9 I will praise thee, O Yahweh, among the people: I will sing unto thee among the nations.

...would it have been to the glory of God if he had made man a mere machine?

...The principle laid down in the Scripture is, that man honours God IN BELIEVING HIS WORD AND OBEYING HIS LAWS. There is no other way in which men can honour their Creator. This honour, however, consists not in a mechanical obedience, in mere action without intelligence and volition, such as matter yields to the natural laws, but in an enlightened, hearty, and voluntary obedience, while the individual possesses the power not to obey if he think best.

There is no honour, or glory, to God as a moral being, in the falling of a stone towards the earth's centre. The stone obeys the law of gravitation involuntarily. The obedience of man would have been similar had God created and placed him under a physical law, which should have necessitated his movements, as gravitation doth the stone.

Does a man feel Honored, or glorified, by the compulsory obedience of a slave? Certainly not; and for the simple reason, that it is involuntary, or forced.

But, let a man by his excellencies command the willing service of free men--of men who can do their own will and pleasure, yet voluntarily obey him, and, if he required it, are prepared to sacrifice their lives, fortunes, and estates, and all for the love they bear him--would not such a man esteem himself Honoured, and glorified, in the highest degree by such signal conformity to his will?

Unquestionably; and such is the honour and glory which God requires of men. Had He required a necessitated obedience, He would have secured His purpose effectually by at once filling the earth with a population of adults, so intellectually organized as to be incapable of a will adverse to His own--who should have obeyed Him as wheels do the piston rod and steam by which they are moved--the mere automata of a miraculous creature.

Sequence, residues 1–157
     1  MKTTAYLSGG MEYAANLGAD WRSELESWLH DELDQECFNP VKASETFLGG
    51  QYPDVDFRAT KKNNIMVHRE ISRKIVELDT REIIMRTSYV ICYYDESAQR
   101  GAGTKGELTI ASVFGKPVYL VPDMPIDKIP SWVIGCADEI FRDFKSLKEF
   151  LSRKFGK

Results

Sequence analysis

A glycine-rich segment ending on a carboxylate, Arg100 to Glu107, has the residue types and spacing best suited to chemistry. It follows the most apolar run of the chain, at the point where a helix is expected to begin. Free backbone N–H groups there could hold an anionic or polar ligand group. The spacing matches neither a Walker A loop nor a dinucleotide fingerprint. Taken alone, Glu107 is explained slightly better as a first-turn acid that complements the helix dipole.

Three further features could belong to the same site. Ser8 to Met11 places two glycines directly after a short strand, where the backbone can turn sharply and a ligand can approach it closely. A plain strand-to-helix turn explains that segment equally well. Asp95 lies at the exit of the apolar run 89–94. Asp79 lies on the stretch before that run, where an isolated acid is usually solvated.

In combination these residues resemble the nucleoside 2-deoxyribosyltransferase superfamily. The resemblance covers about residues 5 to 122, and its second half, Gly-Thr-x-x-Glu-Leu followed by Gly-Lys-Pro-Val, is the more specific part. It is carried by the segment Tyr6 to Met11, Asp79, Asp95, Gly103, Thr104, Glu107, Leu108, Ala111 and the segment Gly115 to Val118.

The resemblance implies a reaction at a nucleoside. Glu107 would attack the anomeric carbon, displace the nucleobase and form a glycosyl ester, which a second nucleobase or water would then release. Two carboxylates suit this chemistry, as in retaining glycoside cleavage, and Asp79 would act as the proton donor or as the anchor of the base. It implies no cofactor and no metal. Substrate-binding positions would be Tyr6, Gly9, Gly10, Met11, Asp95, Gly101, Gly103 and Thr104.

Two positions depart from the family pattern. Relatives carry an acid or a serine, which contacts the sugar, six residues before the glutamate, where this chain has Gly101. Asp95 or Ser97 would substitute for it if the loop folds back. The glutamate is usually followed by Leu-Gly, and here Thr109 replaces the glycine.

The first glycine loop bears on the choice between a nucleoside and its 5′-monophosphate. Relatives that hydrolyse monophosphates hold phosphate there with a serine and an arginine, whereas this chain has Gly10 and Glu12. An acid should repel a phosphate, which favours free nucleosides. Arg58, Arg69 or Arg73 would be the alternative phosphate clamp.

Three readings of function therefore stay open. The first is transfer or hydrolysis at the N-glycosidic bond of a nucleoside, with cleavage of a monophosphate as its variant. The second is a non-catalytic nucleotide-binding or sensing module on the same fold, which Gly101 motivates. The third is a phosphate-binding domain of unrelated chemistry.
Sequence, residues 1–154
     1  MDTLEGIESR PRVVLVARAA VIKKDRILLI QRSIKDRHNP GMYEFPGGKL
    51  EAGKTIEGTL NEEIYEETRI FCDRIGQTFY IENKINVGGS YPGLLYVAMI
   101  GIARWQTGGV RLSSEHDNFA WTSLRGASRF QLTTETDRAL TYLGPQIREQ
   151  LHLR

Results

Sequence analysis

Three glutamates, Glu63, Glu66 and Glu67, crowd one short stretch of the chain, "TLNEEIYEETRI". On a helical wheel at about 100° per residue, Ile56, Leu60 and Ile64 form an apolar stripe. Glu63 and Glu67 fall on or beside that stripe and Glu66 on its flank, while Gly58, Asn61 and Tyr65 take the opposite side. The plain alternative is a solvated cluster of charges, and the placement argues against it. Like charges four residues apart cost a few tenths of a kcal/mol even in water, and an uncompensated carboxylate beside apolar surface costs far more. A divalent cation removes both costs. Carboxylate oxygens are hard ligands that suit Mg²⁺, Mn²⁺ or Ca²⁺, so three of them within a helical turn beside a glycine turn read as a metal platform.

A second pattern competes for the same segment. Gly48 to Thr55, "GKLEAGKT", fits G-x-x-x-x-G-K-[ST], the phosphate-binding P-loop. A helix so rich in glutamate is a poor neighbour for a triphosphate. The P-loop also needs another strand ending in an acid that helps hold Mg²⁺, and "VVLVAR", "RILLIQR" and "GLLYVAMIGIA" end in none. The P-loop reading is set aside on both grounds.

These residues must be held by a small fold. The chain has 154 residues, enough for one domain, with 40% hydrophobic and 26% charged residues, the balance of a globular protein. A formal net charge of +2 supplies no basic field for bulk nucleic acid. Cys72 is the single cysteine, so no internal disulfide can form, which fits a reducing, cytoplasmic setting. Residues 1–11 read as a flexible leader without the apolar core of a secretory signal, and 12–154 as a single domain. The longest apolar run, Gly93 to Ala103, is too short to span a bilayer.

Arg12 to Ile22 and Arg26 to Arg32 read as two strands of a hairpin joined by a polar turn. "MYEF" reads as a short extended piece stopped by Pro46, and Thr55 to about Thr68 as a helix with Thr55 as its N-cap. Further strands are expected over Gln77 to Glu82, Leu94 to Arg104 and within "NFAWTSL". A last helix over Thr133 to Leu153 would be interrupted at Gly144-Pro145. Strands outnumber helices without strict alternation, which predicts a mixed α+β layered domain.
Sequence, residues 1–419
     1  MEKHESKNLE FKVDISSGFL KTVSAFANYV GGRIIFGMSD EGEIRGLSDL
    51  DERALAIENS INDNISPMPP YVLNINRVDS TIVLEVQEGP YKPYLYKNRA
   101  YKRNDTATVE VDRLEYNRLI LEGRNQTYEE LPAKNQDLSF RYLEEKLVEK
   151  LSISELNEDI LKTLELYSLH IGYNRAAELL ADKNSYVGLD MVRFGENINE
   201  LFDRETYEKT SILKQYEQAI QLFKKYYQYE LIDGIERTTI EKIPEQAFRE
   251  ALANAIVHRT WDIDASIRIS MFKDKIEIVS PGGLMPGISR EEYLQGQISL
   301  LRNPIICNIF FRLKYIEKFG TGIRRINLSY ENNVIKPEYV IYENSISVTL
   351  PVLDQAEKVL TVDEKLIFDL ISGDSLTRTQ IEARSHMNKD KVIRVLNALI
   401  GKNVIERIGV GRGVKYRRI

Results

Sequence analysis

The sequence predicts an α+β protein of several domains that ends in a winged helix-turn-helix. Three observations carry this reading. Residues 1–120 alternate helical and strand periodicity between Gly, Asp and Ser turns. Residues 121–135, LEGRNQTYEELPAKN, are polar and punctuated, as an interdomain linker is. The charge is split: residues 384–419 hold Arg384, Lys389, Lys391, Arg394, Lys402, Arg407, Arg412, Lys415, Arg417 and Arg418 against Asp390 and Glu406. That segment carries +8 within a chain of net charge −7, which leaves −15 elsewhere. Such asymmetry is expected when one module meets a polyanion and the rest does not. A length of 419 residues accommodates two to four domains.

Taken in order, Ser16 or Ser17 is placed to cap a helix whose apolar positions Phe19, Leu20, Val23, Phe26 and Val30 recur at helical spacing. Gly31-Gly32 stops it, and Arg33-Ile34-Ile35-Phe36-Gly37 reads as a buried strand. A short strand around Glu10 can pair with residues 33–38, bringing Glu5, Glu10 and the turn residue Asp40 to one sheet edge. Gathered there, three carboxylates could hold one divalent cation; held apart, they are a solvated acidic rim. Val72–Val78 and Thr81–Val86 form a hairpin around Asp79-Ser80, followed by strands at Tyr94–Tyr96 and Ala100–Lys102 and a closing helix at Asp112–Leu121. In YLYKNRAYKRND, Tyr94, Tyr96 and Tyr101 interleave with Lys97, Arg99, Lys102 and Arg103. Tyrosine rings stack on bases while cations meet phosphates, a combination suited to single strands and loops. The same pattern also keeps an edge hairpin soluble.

But, saith an objector, this principle of the enlightened voluntary obedience of a free agent is incompatible with benevolence; it would have prevented all the misery and suffering which have afflicted the world, if the globe had been filled at once with a sufficient number of inhabitants, who should all of them have been created perfect.

If the character of the All-wise were constituted of one attribute only, this might have been the case. But God is the Sovereign of the universe, as well as kind and merciful; and all His intelligent creatures are bound to be in harmony with His name.

He might have operated on the objector's principle had it pleased Him; but it did not, for He has pursued the directly opposite course. Instead of creating a human pair He could, indeed, have filled the earth with immortals, and left them blessed for ever. But then they would have been without character, neither virtuous nor vicious; and, like themselves, their world would have been without a history.

Elpis Israel 1.6.